The $48 million in government spending allocations went to HRSA centers 71 HRSA-supported health centers across 26 states, Puerto Rico and D.C. — areas identified with the highest rates of HIV infections — to expand HIV prevention and treatment services, including access to pre-exposure prophylaxis (PrEP) as well as outreach and care coordination, according to HHS.

The Ending the HIV Epidemic was set up under the previous administration, which made PrEP a generic drug after an accelerated effort and set a goal of beating HIV by 2030. Biden has continued the project, after campaigning on beating HIV a full five years earlier in 2025. Observers, however, are skeptical he can meet that goal.

Diana Espinosa, acting administrator for the Health Resources and Services Administration, (HRSA) said in a statement the $48 million will go a long way in reaching goals to beat HIV/AIDS.

“We know our Health Center Program award recipients are well-positioned to advance the Ending the HIV Epidemic in the U.S. initiative, with a particular focus on facilitating access to PrEP, because of their integrated service delivery model,” Espinosa said. “By integrating HIV services into primary care, and providing essential enabling services like language access or case management, HRSA-supported health centers increase access to care and improve health outcomes for patients living with HIV.”

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AIDS and HIV

Surviving Voices, “Substance Users, the Recovery Community & AIDS

The Surviving Voices storytelling initiative is being recognized for its powerful work in helping tell the story of AIDS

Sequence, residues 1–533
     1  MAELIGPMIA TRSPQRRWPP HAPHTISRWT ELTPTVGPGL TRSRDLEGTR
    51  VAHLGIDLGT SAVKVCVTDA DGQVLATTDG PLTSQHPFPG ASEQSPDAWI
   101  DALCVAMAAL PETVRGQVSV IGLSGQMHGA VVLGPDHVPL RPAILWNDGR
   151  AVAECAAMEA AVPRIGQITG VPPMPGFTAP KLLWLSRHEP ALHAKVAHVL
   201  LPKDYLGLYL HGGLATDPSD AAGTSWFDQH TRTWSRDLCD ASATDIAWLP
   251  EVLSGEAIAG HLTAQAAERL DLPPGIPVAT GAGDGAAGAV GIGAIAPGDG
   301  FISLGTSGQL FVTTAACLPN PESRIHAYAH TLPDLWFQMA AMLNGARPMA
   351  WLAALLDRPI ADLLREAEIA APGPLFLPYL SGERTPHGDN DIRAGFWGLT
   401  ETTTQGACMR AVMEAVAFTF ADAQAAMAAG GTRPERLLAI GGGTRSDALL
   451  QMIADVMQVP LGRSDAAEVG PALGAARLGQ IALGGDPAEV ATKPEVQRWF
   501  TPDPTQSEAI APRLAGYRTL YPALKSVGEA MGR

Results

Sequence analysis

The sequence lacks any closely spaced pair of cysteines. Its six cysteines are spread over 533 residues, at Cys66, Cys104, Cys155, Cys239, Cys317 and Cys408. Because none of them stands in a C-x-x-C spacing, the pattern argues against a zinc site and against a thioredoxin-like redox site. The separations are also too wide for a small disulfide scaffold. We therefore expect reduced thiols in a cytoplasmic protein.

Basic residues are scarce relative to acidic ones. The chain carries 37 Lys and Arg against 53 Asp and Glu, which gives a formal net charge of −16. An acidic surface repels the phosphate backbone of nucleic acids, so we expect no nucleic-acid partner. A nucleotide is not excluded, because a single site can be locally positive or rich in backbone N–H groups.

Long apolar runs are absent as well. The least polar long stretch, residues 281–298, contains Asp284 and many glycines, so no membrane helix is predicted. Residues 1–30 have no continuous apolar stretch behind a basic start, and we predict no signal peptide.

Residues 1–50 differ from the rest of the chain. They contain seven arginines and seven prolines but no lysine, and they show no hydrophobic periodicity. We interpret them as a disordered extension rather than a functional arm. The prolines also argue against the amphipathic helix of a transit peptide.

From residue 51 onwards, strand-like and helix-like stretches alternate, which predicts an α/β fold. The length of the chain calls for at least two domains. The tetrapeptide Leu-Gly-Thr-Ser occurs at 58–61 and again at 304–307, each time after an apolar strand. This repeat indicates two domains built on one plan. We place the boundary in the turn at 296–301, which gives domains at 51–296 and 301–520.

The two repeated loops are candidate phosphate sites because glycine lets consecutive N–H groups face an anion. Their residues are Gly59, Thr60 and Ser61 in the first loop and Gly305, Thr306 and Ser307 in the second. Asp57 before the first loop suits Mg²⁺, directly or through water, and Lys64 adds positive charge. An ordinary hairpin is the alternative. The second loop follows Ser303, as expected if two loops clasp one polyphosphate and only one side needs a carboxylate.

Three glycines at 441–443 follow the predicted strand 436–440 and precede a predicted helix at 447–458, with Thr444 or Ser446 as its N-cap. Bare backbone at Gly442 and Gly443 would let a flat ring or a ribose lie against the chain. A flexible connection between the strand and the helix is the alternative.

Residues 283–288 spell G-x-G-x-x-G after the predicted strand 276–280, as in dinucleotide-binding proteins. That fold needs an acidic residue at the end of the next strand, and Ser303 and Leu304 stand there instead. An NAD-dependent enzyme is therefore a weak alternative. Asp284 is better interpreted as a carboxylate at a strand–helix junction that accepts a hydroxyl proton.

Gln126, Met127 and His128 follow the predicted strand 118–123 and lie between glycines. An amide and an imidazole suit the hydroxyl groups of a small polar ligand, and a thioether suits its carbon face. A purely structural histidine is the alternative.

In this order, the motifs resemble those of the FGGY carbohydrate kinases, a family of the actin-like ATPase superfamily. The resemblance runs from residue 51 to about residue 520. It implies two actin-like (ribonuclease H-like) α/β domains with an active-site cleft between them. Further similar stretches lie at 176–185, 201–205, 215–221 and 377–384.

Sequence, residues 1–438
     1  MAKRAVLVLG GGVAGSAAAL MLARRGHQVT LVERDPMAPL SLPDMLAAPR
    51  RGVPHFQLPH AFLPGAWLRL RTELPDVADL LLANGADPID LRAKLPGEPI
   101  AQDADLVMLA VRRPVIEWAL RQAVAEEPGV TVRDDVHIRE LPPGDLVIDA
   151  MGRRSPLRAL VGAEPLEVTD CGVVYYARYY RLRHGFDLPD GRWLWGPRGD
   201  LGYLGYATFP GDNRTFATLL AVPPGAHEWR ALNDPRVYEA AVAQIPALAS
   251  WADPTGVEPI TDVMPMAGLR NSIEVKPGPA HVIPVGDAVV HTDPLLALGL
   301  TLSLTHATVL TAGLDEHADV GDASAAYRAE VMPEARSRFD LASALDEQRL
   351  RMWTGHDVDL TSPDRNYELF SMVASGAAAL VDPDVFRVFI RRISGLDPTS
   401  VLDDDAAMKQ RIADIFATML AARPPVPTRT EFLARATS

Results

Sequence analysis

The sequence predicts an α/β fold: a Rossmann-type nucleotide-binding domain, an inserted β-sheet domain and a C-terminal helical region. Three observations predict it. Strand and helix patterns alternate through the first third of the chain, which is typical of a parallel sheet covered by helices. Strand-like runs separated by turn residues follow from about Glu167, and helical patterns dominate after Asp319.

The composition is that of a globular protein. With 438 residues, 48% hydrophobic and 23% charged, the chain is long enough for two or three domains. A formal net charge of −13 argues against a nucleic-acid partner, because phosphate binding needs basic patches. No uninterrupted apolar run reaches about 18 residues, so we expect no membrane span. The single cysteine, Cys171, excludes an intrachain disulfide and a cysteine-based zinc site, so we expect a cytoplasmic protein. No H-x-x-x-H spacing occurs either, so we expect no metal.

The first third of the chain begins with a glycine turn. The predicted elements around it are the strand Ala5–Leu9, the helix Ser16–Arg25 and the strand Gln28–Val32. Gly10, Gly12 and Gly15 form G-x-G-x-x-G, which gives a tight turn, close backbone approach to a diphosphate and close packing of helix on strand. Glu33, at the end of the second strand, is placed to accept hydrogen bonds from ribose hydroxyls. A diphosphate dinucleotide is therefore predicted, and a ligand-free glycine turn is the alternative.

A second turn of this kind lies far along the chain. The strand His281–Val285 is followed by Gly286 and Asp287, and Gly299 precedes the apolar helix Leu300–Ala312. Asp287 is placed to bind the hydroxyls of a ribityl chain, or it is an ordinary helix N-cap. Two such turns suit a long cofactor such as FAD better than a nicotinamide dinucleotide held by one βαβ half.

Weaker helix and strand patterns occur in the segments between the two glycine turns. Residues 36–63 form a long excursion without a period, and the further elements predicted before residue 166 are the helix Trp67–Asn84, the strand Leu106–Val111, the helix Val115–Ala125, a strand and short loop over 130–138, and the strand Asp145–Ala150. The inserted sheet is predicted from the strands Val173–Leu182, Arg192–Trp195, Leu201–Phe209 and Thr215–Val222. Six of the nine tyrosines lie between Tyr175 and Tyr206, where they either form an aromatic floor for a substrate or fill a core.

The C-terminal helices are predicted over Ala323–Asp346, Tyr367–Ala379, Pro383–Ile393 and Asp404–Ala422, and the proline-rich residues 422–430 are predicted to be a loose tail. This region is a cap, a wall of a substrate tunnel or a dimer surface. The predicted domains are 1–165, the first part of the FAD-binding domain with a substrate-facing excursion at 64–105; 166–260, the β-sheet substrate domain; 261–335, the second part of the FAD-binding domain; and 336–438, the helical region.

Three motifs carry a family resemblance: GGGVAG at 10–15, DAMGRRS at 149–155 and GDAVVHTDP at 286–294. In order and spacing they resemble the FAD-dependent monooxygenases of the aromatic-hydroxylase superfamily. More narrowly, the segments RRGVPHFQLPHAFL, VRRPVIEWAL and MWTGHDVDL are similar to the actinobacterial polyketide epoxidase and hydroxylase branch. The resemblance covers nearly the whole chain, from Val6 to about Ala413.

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Surviving Voices is a program of the National AIDS Memorial (Photo Credit: NAM)

SAN FRANCISCO – The National AIDS Memorial Surviving Voices storytelling initiative is being recognized for its powerful work in helping tell the story of AIDS through the voices of survivors of the pandemic, now in its 40th year.

More than 700,000 U.S. lives have been lost since the first cases of AIDS were first reported in 1981. Today, more than 1.2 million people are living with HIV, with a disproportionate impact in communities of color and in southern U.S. states.

The Memorial has officially released its most recent mini-documentary, “Substance Users, the Recovery Community & AIDS” following exclusive screenings at two LGBTQ+ film festivals – Frameline45 and SF Queer Film Fest 2021.  The mini-documentary, along with deep dive personal interview segments with survivors and advocates, can be viewed on the Memorial’s website at www.aidsmemorial.org.

“The National AIDS Memorial is honored to have our Surviving Voices mini-documentary featured at these influential film festivals,” said Chief Executive John Cunningham. “It speaks to the important work our organization is doing to share these powerful personal stories of hope, resilience and the journey of survivors around the issue of HIV/AIDS and addiction in an authentic and powerful way.”